MLS: The rise of the Argentine DP looks set to continue in MLS

Of the 49 active Designated Players in Major League Soccer, 10 hail from one nation. Employing more players from this country than any other, you may think the nationality in question is American, but you’d be wrong. It is in fact Argentinian.

Far from a recent trend, of the 121 designated players in the league’s history, 21 have hailed from Argentina, more than any nation, including the United States, Mexico, and Brazil. Beginning with the likes of, Claudio Lopez, Marcelo Gallardo and Guillermo Barros Schelotto, the league today counts on talented Argentines such as: Federico Higuain, Mauro Diaz, and Juan Manuel Martinez.

“MLS clubs have decided that the best attacking players are from Argentina,” agent Michael Gorman tells Yahoo Sport UK. “And this trend has been pronounced in the past few years, based in part on the immediate success of Federico Higuain and Diego Valeri, who happened to square off in the 2015 MLS Cup. It is unsurprising that a number of clubs have tried to find similar players, especially attacking midfielders.”

Gorman’s theory is backed up by the fact 9 of the 10 Argentine DPs in the league are attackers. For many teams, the idea of owning a player like Diego Valeri is appealing. The former Porto and Lanus midfielder arrived in MLS without much fanfare, but has since enjoyed considerable success in Oregon, “With Valeri, we were looking for a specific type of player,” Portland Timbers’ technical director Gavin Wilkinson says. “That player was going to come from one of the South American countries because of the skill and the flair required.”

However, there is more to consider than just flying down to Argentina. For an MLS club to be successful, they must identify the player they want then them that his future is in Major League Soccer. Consequently, it begs the question, what is the appeal of MLS to these players?

“The first thing that called my attention was the country, and the organization,” FC Dallas midfielder Mauro Diaz explains. “I liked the tempo of the game here. I think it is a very good league, which is growing year after year, so that is good. I hope to continue growing and I’m very happy to be here, and to be part of this team.”

In some instances, financial factors can play a part in persuading a player to join the league. The Argentine economy has been far from stable in recent years. Bleeding over into the domestic soccer league, the Association of Argentine Footballers threatened to boycott the 2014 season if their wages remained unpaid. The issue reportedly came to a head after the players of Colon, without pay for 7 months, refused to turn out for a game against Atletico Rafaela.

“It was a complex and meticulous task because we had to check every single situation individually; club by club and member by member,” the AFA said after settling the dispute. “In the end every player got paid. For some players it took eight months to get their salaries. We are very satisfied with the result.”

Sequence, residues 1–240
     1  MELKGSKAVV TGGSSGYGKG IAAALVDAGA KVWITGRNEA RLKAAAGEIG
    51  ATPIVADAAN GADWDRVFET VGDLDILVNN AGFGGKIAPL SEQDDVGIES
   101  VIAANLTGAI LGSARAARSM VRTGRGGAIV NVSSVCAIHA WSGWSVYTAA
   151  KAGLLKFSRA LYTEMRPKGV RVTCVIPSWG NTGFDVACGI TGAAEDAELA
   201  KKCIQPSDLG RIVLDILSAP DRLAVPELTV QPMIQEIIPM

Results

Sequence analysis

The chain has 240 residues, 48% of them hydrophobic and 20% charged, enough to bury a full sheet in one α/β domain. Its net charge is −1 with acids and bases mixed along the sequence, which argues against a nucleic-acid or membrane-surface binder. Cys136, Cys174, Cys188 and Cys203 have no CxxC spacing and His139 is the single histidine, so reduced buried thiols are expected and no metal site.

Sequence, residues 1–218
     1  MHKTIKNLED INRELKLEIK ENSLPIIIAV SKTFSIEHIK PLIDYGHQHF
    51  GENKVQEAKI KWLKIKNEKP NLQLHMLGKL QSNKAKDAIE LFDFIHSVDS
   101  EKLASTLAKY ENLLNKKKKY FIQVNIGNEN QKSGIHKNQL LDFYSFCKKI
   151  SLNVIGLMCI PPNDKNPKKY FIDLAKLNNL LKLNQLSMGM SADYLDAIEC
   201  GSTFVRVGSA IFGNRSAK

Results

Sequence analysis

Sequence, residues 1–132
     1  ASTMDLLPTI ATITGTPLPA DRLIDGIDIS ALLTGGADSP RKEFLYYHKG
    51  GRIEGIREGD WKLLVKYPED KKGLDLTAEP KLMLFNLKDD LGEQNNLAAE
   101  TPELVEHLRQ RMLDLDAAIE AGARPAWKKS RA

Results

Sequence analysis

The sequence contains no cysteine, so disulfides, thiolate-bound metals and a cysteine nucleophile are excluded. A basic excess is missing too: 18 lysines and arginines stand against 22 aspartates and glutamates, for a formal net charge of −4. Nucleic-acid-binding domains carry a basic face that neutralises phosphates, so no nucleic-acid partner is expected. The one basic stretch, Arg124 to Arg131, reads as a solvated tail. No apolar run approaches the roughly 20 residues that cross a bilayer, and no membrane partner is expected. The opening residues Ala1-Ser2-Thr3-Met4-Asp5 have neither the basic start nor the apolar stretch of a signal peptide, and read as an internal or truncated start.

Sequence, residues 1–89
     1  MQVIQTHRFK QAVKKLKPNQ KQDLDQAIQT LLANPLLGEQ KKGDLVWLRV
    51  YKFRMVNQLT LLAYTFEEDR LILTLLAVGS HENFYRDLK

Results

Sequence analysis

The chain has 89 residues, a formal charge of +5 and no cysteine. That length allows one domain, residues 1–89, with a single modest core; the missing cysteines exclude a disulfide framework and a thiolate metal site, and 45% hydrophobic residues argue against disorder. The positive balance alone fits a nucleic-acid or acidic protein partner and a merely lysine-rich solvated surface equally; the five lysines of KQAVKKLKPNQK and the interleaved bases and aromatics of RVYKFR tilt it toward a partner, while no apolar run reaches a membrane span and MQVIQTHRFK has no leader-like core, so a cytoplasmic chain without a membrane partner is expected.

With MLS able to pay their players on time, it offers a stability to players they cannot always achieve at home, “Why we ended up going to Argentina was just the resources that we had, the availability of Diego Valeri, and the economy was starting to go down in Argentina,” Wilkinson says. “It was a situation where Valeri also wanted out of Argentina. If he didn’t, I don’t think we’d have been able to get him.”

Although, it is not only the players that are willing to negotiate with MLS, but also the clubs, “I know for a fact, that the teams in Argentina are more willing to sell players because MLS clubs do what they say they’ll do,” Wilkinson explains. “Its up front business. I think Argentine clubs have had success dealing with MLS clubs and its always been honourable dealings. We were able to get Lucas Melano, amid interest from 5 teams in the US, because we could pay the transfer fee in one lump sum, and not stagger it.”

Creating something of a perfect storm, the aforementioned factors are not prevalent in neighbouring South American countries, “It is slightly more complex to sign Brazilian players because of their high domestic salaries,” Gorman says.

Furthermore, Argentine players also benefits from a solid reputation in MLS, “There had already been many Argentinians in MLS and we’d seen how they’d acclimated, which was by and large very good,” Wilkinson says of the club’s decision to sign Melano.

Mention of the 23-year-old also points to an emerging development in the acquisition of Argentine designated players. For the most part older, aged 28 or over, teams are now attempting to sign those with a long-term future. Typified by Melano, examples like Diaz and Matias Laba of the Vancouver Whitecaps, prove that teams can still acquire young talent from Argentina, “I think that year after year more players, more young players will arrive to the league,” Diaz said. “That’s what will make it more interesting.”

As for those that fail to find success in MLS, the risk to their club is minimal, “I think the Argentine player’s salary demands are also competitive relative to those around them,” Wilkinson says. “With the salary cap structure you have to maximise what you get from every player so they’re not overpriced. They’re also players that manage to maintain their value. They’re respected internally, meaning they can be moved internally or even sold overseas.”

An important part of the league’s identity, it seems the influx of Argentinian designated players to MLS has not reached its peak yet, and Wilkinson agrees: “There’s plenty of talent there, and if you look at Brazil & Argentina, at one stage they did account for 30-40% of all transfers out of market. I don’t think there’s anyone answer, but as far as MLS, it’s a good fit, and I think it will continue to be a good fit.”

Follow Kristan Heneage on Twitter: @Kheneage